Monday, May 16, 2011

Flexibility of model based testing in practice

We all hear people arguing, model based testing is much better than traditional testing. "Why" you ask? "Well, it's much more flexible" comes the answer. And you sit back and think, "hmm, that really didn't answer my question?".

So let me try to answer your question - why are models more flexible? Let me give you a real life example of a case where model based testing proved to be flexible. I was working on a model for a new feature for the system under test. We started out designing and implementing model based testing on this particular feature the way it was implemented. It so happens that the feature contains a list of items (we call it a journal, when you confirm your entries you post the journal), and each item has associated a set of attributes (we call these dimensions - they are generic and used for analysis later on). We had developed a model for testing the posting functionality of this journal, and the model created roughly 300 test cases. Now it so happens that the dimension attributes can be set to a blocked state preventing posting the journal - which we had modeled.

Now somebody comes along and says: "You know what? This is simply used for forecasting, there is no need to prevent posting of blocked dimensions." At exactly this time you take a deep breath and brace youself for an argument on how the requirements were setup before you realize, well... this is not a problem at all, we used model based testing. We went back and looked at the model, and literally changed one line of model code changing the expected result from the PostJournal action to always be true. Viola, we had fixed 300 test cases.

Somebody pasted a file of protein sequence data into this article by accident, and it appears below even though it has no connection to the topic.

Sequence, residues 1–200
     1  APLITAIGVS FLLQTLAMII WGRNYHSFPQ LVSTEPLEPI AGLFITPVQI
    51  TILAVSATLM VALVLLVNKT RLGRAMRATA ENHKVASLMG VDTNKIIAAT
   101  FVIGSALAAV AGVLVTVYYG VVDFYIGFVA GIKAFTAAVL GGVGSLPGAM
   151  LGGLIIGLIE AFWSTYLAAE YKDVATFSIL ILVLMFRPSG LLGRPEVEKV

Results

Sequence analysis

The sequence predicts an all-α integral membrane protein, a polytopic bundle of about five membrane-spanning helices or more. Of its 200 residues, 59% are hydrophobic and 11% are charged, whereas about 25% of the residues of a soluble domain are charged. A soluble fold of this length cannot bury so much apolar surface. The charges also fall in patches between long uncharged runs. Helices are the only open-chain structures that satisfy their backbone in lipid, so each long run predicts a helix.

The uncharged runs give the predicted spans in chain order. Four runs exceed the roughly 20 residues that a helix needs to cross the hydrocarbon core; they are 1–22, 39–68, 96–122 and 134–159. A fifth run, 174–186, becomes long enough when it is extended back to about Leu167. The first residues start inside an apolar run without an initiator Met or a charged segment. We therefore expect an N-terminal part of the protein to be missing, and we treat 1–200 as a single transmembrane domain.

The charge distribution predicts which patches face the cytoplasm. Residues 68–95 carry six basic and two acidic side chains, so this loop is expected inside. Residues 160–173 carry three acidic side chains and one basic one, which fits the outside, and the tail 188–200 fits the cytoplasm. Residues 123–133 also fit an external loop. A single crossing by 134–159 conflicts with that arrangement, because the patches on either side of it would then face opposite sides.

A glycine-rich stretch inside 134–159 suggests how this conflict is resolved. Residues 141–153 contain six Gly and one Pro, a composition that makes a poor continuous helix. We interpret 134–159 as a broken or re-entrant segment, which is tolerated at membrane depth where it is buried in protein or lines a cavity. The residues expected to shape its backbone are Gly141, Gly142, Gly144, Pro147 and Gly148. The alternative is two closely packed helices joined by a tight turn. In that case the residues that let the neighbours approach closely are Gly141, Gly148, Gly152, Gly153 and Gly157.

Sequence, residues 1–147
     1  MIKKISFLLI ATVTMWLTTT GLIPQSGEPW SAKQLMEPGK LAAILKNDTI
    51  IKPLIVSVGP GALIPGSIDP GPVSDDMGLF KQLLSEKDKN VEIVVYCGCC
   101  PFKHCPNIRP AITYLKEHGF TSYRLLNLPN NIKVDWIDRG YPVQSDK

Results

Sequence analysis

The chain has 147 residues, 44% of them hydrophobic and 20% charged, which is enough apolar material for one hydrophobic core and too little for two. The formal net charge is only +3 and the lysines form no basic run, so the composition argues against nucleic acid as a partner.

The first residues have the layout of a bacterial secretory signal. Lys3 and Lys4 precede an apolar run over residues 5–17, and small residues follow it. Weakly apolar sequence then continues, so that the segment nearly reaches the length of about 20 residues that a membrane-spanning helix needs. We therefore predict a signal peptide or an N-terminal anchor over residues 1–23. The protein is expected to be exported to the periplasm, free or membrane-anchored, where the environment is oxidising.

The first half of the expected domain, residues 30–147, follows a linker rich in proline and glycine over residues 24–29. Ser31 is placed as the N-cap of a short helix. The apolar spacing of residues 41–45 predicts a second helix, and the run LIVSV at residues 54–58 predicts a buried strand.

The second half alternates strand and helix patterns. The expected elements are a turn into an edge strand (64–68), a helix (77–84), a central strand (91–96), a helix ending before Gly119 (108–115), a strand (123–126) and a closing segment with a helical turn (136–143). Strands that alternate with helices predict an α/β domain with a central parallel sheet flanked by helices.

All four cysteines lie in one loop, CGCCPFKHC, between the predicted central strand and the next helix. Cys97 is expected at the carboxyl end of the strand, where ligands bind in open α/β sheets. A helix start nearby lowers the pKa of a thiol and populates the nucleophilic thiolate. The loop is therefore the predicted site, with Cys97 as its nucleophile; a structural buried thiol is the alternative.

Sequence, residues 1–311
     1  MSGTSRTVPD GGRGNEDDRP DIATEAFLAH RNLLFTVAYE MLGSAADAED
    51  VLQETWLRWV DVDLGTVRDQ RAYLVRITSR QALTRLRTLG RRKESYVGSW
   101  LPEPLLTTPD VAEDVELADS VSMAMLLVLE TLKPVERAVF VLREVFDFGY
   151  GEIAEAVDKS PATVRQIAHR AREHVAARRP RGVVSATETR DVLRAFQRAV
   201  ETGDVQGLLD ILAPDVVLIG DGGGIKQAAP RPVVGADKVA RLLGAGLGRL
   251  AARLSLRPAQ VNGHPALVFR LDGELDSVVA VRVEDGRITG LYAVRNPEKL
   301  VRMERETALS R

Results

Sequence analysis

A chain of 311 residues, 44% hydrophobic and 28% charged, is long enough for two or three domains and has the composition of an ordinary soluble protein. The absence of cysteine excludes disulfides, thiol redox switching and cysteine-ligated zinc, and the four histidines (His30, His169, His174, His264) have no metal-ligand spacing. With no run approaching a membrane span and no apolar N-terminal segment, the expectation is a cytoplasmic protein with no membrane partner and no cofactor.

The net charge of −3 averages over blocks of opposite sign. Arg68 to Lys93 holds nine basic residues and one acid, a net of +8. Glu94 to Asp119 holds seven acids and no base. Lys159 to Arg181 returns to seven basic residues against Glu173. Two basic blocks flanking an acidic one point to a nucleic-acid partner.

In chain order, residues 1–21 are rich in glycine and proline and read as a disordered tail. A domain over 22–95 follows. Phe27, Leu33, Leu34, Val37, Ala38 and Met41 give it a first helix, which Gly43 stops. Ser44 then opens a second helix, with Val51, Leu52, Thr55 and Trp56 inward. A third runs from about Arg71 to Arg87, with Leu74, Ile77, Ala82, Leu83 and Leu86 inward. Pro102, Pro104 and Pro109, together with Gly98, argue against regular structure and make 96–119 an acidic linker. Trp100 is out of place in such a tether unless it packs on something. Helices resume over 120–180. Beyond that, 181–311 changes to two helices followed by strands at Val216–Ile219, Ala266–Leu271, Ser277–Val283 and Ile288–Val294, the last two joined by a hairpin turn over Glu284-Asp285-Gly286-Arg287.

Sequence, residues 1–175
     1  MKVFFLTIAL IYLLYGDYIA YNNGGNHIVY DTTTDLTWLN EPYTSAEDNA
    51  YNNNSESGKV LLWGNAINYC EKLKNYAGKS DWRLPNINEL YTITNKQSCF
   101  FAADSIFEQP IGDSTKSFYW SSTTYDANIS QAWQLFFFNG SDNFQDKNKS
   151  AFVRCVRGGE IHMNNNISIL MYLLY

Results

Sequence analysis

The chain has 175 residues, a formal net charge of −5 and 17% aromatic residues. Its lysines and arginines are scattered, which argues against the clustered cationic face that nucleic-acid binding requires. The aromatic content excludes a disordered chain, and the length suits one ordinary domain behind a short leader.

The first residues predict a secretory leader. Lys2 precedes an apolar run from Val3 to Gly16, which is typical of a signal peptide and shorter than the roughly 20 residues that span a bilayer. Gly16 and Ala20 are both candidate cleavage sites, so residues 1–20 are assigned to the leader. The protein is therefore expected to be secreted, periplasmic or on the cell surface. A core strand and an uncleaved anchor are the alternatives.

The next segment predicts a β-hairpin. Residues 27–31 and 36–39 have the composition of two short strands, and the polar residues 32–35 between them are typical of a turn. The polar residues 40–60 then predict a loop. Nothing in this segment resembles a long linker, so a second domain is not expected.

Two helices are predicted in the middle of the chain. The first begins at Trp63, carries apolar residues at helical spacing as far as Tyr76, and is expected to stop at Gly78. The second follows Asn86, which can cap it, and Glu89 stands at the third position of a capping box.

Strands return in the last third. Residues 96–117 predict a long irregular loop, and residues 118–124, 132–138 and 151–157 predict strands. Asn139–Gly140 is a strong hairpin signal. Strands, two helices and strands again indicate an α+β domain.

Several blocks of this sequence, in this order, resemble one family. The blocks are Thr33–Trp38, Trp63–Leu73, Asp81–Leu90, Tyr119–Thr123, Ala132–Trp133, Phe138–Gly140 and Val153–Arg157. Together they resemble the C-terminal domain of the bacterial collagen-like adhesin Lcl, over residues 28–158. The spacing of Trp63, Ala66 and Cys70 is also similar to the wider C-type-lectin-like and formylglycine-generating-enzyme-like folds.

In conclusion, model based testing allows for design changes at a later stage of development, as changes only need to be introduced on the model level. This is an huge benefit, especially because during the end game the pressure starts rising to finish before the deadline, and it is exactly at that time you do not have time to change 300 test cases because a requirement changed. Oh, and by the way, do requirements change in late game? Of course they do, that's the whole reason we invented SCRUM instead of the waterfall model (but that's for another post).

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